A handful of tattered photos are all that remain of Mozambican Anacleto Amade’s two years in East Germany, where he worked in the 1980s under a labor scheme between the then-communist allies.
However, his memories of friendships abroad and walking in the snow are scant comfort now. Like most of the 15,000 Mozambicans sent to work in East German factories, Amade said he has never been paid his full wages.
“When I see those pictures, the emotion is enormous, it is big. It is the size of the world, because no one’s story is the same,” the 41-year-old said.
While in East Germany, the Mozambicans were paid only 40 percent of their salaries, they said. They were told the rest was sent to Mozambique for investment and pay-out upon their return.
However, after the Berlin Wall fell in 1989, the labor pact ended and they were sent home to a nation that was still a Cold War proxy battlefield. They received only about US$350 each.
The Mozambicans in East Germany worked in steel, construction, manufacturing and textiles industries from 1979.
Locally they are known as the MadGermans, meaning “those from Germany” in the Shangaan language.
“It’s pejorative,” MadGerman Association president Zeca Cossa said from their base at a park across from parliament in the Mozambican capital Maputo.
“We were there to learn these trades to build Mozambique. Then we returned and we were all unemployed,” Cossa said. “They told us ‘We don’t have money.’”
He believes the group was sent to repay East Germany for the weapons sold on credit to liberation party Frelimo during Mozambique’s fight for independence against Portugal from 1964 and during the civil war that ended in 1992.
“We didn’t go to train. We went there to work off Mozambique’s debt,” he said. “We were used like slaves.”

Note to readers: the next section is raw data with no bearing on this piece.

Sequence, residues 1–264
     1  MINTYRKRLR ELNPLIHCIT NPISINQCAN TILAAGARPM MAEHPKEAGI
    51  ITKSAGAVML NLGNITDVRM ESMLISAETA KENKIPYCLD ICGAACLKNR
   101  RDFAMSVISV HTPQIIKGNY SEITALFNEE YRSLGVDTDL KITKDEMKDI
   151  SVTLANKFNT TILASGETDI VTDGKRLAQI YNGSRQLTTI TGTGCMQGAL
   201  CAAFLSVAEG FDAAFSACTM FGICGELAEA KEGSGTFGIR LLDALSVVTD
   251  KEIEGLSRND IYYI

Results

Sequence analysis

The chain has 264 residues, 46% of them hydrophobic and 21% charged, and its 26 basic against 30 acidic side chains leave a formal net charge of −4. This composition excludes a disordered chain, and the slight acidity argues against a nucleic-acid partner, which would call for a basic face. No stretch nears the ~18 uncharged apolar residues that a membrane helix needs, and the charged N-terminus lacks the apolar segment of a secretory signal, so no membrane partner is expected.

The MadGermans’ situation reflects nagging problems that remain in the country, one of the world’s poorest, after the 16-year civil war that pitted the communist Frelimo government against rebels supported by apartheid South Africa.
Despite the economy’s projected 6.5 percent growth this year, 60 percent of Mozambicans do not have work.
However, the MadGermans see more sinister reasons behind their failure to build a life in their home country. They say the government, the nation’s biggest employer, refuses them work because they demonstrate for their rights.
“Most Africans don’t see. Even when they do see, they don’t speak,” Cossa said. “We who were in Europe can see.”
“But in Mozambique, if you talk, they kill you,” he said, referring to a demonstration in 2003 when police shot dead one of the group.
Every Wednesday about 300 MadGermans march through the city’s streets. Earlier this year they even attempted to storm parliament.
The labor ministry afterward said it would make some payments to nearly 1,800 former workers, “definitely closing” the case, state radio reported.
However, the group’s reputation as troublemakers complicates finding a job anywhere.
“Even when you work, when they find out you’re a MadGerman, you lose your job,” said Rose Ester Libombo, who worked in a lamp factory in Erfurt for two years.
“When they find out, they think you could make a noise because we insist on our rights,” Libombo said. “They call us marginalized, confused.”
These days she sits waiting in the dusty park with other MadGermans in the shadow of a tattered German flag hanging off a tree stump, while street vendors dodge the refuse and heaps of ash as they ply their trade.
Asked about the way forward, Libombo smiles faintly.
“I don’t have plans. You need money to make plans,” she said.
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